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Recent Sadness

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What’s the saddest book you’ve read recently?
CarsonJudging by the title alone, The Heart is a Lonely Hunter by Carson McCullers does not spell an upbeat mood. The loneliness of the characters pervades the entire narrative that makes me sore. Each of the characters struggles in their social position, ambition, civil justice, and racial inequality. The all find solace in the friendship of a deaf man named John Singer. The writing captures a feeling so tense as conspiracy and menacing or as the deadly quiet before a catastrophe—and indeed, compounding the soreness, the novel culminates very sadly. I am surprised I have not discovered this book earlier, consider it has been widely taught in high schools and colleges. Given the weighty subject matter that McCullers delves, I gather it is far more fulfilling, in the sense of appreciating the autistic nature of the book, that I have read it after my flighty years are behind me. I hope the grim outlook of the book would not deter prospective reader, for the writing is beautifully lucid and contemplative. It irradiates a sense of forlornness that life is already all plotted out and so dismal for these people that all they could do is to admit the absurdity and cry.

12 Responses

  1. Somehow I’ve managed to avoid this one, too. I’ve always thought it sounded interesting, but just too depressing to try.

  2. I’ve had this on my list to read for quite some time but I guess I will have to be in the right “place” to read it since every review or commentary I have ever read about it makes it seem very sad.

  3. I bought this book probably about 10 years ago now and still haven’t read it. I know I just need to read it.

  4. I have this book sitting on my shelves right now. I need to read it!

  5. I reread A Tree Grows in Brooklyn in the past year or so and found it much sadder than I remembered from my first reading, when I was in my early teens.

  6. That is a dark one!

  7. This book was on one of my friend’s top 10 books ever read that I’ve featured over the last few months of Sundays. You definitely have to psych yourself up for something you know will be dire. This one is on my list, to read when I’m feeling like wallowing.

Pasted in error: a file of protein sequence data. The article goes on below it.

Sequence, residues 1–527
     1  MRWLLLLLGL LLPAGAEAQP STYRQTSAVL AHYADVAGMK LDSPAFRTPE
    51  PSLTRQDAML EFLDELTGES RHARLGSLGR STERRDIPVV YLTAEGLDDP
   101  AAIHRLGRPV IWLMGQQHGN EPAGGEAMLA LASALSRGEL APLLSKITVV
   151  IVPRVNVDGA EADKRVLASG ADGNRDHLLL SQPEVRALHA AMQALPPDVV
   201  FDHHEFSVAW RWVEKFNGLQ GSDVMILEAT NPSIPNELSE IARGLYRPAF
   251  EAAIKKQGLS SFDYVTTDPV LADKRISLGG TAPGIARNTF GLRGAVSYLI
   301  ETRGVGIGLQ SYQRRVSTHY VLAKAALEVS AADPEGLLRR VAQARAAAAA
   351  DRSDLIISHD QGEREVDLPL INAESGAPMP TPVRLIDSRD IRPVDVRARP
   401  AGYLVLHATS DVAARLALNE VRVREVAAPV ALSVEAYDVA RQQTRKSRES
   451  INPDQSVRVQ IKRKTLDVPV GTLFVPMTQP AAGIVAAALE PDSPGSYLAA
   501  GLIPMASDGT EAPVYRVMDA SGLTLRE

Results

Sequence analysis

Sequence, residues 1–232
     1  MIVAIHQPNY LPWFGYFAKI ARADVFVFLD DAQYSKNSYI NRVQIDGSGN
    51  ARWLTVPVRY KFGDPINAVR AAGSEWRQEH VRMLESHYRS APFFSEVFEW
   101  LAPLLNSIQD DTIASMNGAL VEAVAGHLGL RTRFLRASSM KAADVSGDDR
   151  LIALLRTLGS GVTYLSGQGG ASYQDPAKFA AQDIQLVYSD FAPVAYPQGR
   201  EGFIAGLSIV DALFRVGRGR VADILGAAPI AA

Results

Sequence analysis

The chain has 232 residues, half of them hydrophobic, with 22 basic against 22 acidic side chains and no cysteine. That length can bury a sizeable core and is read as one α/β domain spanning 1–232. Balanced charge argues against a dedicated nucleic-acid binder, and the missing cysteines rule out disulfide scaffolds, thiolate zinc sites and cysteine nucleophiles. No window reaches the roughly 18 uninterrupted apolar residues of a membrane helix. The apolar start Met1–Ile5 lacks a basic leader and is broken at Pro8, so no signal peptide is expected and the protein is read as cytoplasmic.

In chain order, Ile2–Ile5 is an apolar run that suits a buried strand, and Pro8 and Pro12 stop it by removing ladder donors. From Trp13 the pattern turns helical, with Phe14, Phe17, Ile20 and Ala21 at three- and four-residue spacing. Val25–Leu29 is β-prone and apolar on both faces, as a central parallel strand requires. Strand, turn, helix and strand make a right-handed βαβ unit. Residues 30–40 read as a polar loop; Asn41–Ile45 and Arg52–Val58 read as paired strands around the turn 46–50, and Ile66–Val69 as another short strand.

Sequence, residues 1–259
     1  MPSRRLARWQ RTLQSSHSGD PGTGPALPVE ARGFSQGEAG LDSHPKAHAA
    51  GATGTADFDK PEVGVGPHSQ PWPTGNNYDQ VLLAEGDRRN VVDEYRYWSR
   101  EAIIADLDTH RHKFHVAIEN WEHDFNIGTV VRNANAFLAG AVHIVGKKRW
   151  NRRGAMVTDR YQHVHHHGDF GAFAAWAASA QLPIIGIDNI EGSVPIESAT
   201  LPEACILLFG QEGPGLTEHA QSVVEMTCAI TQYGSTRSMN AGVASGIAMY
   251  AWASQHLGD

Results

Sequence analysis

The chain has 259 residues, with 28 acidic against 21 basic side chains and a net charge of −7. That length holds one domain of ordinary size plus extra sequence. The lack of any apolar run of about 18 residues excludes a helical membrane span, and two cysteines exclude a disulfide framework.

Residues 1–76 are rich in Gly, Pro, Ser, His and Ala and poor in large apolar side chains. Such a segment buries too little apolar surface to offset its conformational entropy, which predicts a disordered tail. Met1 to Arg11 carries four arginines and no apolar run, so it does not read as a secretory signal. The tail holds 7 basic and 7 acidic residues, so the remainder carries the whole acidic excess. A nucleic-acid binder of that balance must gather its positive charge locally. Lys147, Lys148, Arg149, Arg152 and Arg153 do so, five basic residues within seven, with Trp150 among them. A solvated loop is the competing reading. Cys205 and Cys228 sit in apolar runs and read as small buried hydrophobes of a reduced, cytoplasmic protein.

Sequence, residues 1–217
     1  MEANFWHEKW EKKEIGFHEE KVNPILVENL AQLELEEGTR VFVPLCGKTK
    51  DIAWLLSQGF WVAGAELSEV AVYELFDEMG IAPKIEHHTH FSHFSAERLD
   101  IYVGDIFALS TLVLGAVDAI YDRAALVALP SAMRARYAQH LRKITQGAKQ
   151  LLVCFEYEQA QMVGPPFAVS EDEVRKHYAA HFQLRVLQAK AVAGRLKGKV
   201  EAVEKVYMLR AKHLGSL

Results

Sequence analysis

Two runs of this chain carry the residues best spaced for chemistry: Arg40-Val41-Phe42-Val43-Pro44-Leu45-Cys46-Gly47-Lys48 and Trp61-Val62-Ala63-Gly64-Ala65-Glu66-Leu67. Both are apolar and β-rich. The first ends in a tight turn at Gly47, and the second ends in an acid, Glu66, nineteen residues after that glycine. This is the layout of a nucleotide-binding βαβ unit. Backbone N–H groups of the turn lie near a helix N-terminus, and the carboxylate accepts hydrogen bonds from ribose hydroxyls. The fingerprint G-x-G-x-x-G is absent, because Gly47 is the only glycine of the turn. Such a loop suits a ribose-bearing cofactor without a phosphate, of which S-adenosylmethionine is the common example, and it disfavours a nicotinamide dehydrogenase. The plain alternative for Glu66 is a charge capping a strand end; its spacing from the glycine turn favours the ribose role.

8. I just purchased this book today. I too have wondered how this one always seems to have slipped by and when I just happened to see it at the used bookstore, I just had to grab it so it would not slip by again. Your description has made me want to start right away.

  9. You are right, it is such a sad book (but one of my favorites). I think the most depressing thing was that even John Singer, whom everyone turned to for friendship and understanding, was horribly lonely in the end.

  10. I have this for so long. Yet to read it. Your description might have put me of. Not that I don’t read grim books!


    (hope smling here not out of place!)

    Booking Through Sad Ones

  11. I have a friend who divides books into two categories: ‘good reads’ and ‘downers’. She and I sometimes exchange books, but she says that I read too many ‘downers.’ She said it most recently after reading “The Kite Runner”. Hearing her use the word downer is like fingernails on a chalkboard to me, and I’m having the same problem with “sad”.

    I’ve never read “The Heart is a Lonely Hunter”, but I’m not afraid to read it because it might leave me “sad” or because it is described as dark and dire. One of the reasons we are drawn to literature (as readers or writers) is to bring light to the dark places — to enable us to face the loneliness and despair through the words of a great writer. “To Kill a Mockingbird” is sad . . . so is “The Diary of Anne Frank”. They are also inspiring and delightful and healing and utterly beautiful. Even as I weep over the death of Tom Robinson — the deaths of all the Tom Robinsons of this world — I am lifted up by the way Harper Lee tells his story, comforted by the presence of Atticus and his children.

    I know I’m overreacting — preaching to the choir, too. Maybe I just dislike labels or one-word descriptions. Life is sad, but reading about it in a book written by someone who illuminates and helps me face that suffering is one of reasons I read at all.

  12. i only bought this very very recently, I hadnt heard of it before – it was the englisg Penguin cover that did it! Sounds like I am in for quite a read!

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